Looks like a practical type. Photo by Nic McPhee, Flickr Creative Commons.
Looks like a practical type. Photo by Nic McPhee, Flickr Creative Commons.

“What’s your major?”

Often the reasons for choosing engineering or English extend beyond the student’s enthusiasm for the subject. Sociologist Kim Weeden explains to The Atlantic that parental income can play a part: students from wealthy families are more likely to study humanities and fine arts, while their lower-income peers tend to choose more “practical” majors like physics, engineering, or computer science. Weeden says:

It’s … consistent with the claim that kids from higher-earning families can afford to choose less vocational or instrumental majors, because they have more of a buffer against the risk of un- or under-employment.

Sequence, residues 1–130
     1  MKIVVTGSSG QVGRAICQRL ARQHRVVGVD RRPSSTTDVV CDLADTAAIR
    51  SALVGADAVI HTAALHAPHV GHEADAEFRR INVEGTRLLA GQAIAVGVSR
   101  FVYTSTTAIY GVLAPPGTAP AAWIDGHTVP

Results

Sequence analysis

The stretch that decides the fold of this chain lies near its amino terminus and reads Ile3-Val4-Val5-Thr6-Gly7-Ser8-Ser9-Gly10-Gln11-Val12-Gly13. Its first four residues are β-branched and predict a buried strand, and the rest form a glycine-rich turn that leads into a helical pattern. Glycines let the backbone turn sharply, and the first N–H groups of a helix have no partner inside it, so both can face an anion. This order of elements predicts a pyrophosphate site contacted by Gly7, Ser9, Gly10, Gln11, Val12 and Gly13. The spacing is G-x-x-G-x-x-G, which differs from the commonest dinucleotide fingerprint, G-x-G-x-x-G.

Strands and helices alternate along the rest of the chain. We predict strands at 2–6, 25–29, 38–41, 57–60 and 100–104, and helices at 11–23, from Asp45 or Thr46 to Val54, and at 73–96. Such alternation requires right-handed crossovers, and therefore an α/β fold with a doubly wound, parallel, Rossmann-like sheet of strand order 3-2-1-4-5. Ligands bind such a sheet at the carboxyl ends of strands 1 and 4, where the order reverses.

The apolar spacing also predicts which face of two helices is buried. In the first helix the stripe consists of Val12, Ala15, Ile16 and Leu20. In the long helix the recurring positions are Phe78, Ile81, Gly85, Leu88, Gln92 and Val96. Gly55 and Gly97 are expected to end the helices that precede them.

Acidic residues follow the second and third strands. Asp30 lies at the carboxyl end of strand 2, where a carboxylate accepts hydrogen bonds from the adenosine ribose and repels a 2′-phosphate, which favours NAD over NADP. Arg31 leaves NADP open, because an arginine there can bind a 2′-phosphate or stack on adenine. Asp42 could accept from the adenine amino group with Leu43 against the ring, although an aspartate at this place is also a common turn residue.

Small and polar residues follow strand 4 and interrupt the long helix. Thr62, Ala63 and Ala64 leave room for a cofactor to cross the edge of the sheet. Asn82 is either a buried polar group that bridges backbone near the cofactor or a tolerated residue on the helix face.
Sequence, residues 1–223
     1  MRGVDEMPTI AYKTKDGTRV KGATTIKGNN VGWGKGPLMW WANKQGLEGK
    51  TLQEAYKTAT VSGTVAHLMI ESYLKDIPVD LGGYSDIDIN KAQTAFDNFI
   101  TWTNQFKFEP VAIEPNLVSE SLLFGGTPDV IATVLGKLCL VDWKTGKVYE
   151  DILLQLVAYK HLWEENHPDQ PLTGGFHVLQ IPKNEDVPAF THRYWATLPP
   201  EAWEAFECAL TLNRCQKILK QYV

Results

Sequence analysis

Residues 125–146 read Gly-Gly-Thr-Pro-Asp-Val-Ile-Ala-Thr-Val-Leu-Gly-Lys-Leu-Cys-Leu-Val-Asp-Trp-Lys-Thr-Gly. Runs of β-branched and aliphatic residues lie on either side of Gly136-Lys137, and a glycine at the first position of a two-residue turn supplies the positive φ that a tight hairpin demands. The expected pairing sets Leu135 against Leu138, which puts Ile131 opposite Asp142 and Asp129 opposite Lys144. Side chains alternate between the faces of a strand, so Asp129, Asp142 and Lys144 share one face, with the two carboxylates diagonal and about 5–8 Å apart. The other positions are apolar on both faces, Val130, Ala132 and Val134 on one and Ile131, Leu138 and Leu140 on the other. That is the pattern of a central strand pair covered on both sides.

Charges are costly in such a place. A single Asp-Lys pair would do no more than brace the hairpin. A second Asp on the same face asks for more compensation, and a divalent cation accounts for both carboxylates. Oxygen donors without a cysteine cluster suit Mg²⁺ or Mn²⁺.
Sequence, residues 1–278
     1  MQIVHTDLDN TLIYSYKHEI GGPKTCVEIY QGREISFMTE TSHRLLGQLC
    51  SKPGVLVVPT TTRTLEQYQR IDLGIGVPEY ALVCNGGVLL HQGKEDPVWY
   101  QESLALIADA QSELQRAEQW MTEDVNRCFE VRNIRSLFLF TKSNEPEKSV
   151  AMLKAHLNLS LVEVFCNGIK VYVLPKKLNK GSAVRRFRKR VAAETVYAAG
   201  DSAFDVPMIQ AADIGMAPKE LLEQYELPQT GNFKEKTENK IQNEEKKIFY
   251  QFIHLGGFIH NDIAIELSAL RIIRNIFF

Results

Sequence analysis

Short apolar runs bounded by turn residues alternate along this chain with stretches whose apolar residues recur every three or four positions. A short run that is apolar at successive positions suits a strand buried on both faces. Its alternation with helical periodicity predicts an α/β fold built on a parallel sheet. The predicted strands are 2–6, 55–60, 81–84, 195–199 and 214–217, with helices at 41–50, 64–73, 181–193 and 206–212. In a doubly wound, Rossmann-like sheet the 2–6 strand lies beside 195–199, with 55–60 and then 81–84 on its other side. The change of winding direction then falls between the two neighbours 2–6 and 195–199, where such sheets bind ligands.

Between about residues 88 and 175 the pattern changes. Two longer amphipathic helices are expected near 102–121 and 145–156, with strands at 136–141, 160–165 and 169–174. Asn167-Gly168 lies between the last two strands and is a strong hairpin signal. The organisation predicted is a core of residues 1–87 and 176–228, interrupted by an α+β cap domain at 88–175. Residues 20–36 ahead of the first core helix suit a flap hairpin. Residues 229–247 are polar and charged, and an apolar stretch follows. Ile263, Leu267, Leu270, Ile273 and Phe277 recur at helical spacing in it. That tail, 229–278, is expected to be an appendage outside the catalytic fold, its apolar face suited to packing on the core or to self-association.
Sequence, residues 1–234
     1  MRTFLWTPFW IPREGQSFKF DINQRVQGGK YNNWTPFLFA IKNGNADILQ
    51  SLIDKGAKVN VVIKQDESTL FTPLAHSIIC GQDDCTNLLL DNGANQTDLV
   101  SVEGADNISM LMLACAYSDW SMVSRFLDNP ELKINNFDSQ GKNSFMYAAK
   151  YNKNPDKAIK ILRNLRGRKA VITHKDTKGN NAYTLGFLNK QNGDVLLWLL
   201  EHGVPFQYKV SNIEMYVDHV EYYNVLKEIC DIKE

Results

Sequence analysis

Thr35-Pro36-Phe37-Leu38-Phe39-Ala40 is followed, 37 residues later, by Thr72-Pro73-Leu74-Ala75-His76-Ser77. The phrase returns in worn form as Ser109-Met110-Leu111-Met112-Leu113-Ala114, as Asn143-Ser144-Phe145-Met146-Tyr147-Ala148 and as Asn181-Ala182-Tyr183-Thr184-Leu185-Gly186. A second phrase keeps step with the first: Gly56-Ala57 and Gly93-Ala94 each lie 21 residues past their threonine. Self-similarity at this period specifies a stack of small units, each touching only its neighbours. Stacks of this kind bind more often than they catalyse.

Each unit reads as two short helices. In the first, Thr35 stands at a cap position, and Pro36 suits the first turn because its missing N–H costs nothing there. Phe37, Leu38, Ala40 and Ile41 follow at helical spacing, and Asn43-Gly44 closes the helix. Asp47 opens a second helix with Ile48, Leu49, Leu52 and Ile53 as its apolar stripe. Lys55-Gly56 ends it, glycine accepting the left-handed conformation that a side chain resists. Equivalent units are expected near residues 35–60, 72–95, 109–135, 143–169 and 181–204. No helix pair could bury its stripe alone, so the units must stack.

In other words, if wealthy students cannot get lucrative jobs with a ceramics or history degree, they have a monetary safety net. NYU’s Dalton Conley elaborates:

It might seem like there’s a lot of social mobility that the offspring of doctors are artists, or what have you, but maybe they traded off occupational autonomy and freedom … They still have a high education level and they still have wealth.

Future employment is not the only explanation for why students from different income brackets choose their courses of study. Often, students from higher-income families have more prior exposure to arts, music, and literature, sparking an interest in these areas before college. Furthermore, according to Conley, the prestige of a major and its associated careers may matter more than the size of the actual paycheck:

There’s a notion that what people are maximizing is not income, per se, or wealth, per se, or prestige, per se, but just there’s a general sense of social class, and people in each generation make trade-offs.

A fine arts degree may have fewer career opportunities, but it also has an association with high socioeconomic status that a law enforcement degree does not.